Now seemed like a good time to read this book, which a colleague recommended. And it was. It’s a very easy read. The style is anecdotal, the argument clear, and the evidence is there, but worn lightly – just as well, as the author says this is how academics should write nonfiction for a wider audience.
So Joli Jensen practises what she preaches. This makes Write No Matter What different from many self-help books, and I confess that I felt I was reading in that genre at first, which I didn’t much like. This is a key reason why academics are so reluctant to seek help with their writing – we’re supposed to know how to do it, we’ve done so well, come so far, jumped through all the hoops with apparent ease. What do you mean, we can’t write? Who on earth can we ask about it, without losing face?
Peers. I found Jensen’s chapter on peer review one of the most useful. She emphasized that peer reviewers are “an increasingly rare remnant of the gift economy” – reading your writing for free, and responding to it in detail. They are not attacking you personally: they are people too. Editors struggle to find them, and can overrule their choices. Knowing this, it’s easier to respond to their feedback, and Jensen makes concrete suggestions about how to. She stresses the need for a community of peers, not to critique your content, but to support your writing process. I was very lucky to have this from the first, starting my PhD in a house share with other doctoral students from different disciplines. Jensen didn’t have a peer community then, so she created it when she reached the tenured faculty stage of her career. Now she is helping her entire university – and her readers – to do the same.
One thing is clear: you will never suddenly have time, space, and energy to write. The demands are always there, always heavy, and won’t go away. So you have to fit writing into your life as it is now.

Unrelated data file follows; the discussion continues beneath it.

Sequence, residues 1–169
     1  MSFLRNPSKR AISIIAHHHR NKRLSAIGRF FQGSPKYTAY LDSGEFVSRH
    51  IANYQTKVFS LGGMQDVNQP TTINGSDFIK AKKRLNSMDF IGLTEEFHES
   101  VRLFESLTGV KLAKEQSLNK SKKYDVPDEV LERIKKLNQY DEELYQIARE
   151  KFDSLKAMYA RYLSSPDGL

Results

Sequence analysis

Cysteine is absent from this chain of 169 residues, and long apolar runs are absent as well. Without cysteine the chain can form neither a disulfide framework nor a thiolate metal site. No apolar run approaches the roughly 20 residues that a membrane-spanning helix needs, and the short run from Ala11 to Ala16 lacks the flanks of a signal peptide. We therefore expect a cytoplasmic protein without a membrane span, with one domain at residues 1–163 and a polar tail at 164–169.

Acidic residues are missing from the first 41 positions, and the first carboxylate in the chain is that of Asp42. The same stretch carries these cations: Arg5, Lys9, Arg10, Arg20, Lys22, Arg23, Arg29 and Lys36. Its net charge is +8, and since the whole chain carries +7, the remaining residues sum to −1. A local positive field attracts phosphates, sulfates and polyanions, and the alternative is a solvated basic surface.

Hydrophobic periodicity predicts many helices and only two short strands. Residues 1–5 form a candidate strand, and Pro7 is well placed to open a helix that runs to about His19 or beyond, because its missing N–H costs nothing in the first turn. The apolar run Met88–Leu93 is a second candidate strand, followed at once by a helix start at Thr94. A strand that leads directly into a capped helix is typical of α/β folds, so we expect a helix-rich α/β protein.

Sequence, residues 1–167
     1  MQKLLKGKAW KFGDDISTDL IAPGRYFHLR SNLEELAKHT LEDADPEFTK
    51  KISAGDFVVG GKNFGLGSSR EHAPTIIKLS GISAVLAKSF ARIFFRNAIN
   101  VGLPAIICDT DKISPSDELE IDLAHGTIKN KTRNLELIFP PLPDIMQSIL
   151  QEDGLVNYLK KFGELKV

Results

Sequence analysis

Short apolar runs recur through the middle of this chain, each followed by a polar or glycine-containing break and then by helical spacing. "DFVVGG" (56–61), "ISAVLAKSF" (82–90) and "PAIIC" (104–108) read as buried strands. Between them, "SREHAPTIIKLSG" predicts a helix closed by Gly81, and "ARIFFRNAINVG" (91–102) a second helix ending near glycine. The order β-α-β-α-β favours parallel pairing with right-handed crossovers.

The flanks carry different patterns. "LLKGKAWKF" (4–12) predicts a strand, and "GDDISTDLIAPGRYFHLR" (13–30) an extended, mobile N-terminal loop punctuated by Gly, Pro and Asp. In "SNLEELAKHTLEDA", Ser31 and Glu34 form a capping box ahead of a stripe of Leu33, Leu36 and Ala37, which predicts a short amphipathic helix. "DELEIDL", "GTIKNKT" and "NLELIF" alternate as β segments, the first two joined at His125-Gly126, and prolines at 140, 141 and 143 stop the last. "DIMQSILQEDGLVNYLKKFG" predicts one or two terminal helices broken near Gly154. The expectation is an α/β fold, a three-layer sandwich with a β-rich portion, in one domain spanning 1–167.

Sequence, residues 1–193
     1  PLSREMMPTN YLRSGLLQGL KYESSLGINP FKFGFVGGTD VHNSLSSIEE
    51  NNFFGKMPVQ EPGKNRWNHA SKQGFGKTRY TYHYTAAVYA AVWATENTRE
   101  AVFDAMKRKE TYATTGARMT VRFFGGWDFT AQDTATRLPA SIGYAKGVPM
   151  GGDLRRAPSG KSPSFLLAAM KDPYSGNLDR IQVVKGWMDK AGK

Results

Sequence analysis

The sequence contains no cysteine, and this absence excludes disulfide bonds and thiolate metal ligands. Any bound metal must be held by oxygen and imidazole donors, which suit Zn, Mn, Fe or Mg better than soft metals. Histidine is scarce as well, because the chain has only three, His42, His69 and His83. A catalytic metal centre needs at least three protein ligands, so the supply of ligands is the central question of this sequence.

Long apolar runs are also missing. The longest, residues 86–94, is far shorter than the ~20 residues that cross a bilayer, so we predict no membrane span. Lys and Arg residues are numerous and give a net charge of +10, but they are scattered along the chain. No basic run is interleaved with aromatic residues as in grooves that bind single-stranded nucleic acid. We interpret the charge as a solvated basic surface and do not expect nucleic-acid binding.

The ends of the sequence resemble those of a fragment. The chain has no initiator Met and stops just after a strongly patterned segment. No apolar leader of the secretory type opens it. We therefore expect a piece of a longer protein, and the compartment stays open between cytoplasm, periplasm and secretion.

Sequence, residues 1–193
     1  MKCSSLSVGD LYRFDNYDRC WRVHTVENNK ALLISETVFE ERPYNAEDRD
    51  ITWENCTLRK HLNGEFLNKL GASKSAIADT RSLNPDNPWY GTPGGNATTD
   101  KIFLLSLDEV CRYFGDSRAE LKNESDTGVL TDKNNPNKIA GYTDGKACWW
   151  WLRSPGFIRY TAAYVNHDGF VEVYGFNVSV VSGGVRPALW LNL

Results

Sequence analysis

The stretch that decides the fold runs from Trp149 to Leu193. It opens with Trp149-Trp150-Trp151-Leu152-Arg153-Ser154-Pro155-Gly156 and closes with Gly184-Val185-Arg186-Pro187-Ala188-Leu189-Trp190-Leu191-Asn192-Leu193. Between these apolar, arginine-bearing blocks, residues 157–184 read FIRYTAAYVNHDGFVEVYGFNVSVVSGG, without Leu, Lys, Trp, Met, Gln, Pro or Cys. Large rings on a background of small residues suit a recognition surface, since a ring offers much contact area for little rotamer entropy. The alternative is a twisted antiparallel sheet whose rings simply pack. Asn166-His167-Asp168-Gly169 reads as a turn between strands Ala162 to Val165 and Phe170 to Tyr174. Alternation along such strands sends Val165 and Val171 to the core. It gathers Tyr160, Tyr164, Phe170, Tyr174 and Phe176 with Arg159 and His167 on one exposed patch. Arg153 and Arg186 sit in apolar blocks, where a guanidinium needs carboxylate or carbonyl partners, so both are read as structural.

This means writing for 15 minutes a day, every workday. You can do that. Once you do, other things start falling into place. The first half of Jensen’s book covered familiar ground for me about focusing on your writing: techniques she calls brief daily contact (the 15 minutes), a project box, and a ventilation file. In the second half, Jensen outlines recovery strategies for when writing goes wrong. This means looking critically at the stories we tell ourselves about how we should be writing and why we aren’t – she calls it inviting our demons in for tea.
It also means using your energy efficiently. ABC energy isn’t a new idea – A is when you do your best thinking (like working out concepts); B is when you can focus, but not brilliantly (like preparing for a session you’ve taught before) and C is when routine is all you can manage (like whittling down your inbox). My A time is first thing in the morning, and my C time is after lunch if I haven’t had a proper break. To rephrase “translate drunk but edit sober,” I can translate in B if I must, but I have to revise the translation in A.
A reverse calendar imposes order when things are feeling out of control. This means writing down what you actually do all day for at least a week, so you know what can change. I’ve used this, but hadn’t thought of doing it at intervals throughout a long project or sabbatical to keep on track.
A buddy log is the smaller log that keeps the main log on a fire going. It fuels it and sparks energy, but it’s not the heart of the blaze. When you get very excited about a new project that is not related to your key task (which happens to me almost daily) you can do it, but it’s the buddy log. You can use B or C time for it, but keep your A time for the main event. When you have multiple projects on the go, they can move between the A, B, and C slots, depending on what stage they – and you – are at.
Sometimes you try absolutely everything, and the project – even a book you’ve got an advance for – is still not worth writing, or you shouldn’t be writing it, at least not now. This can be the “cracks of doom” moment when Gollum had to bite Frodo’s finger off for him to let go of the Ring. Hopefully it won’t go that far, and letting go of what Jensen calls a “toxic” project will make space for something better. But what? And how do you find it?
Find the lilt. For this you need someone to listen to your voice. I hope I do this as an editor and facilitator; we all need it. When you’re not sure why your writing isn’t working, or where you want to take it, another person can hear when your voice rises and warms because you’re interested in what you’re talking about. This is what you want to work on. This is worth finding out about. This is what you should be doing.
Jensen is realistic to the end, but not pessimistic: “There will always be too many demands, not enough resources, unfair practices, and distressing departmental politics. There will always be reasons to feel that our academic ideals have been betrayed. But whenever we work with each other to recognize writing obstacles and celebrate writing progress, we enact a version of the academic utopia I sought for so long. The suggestions in this book are designed to help you write, but they can also help you embody the most honourable elements of academic life, no matter what.”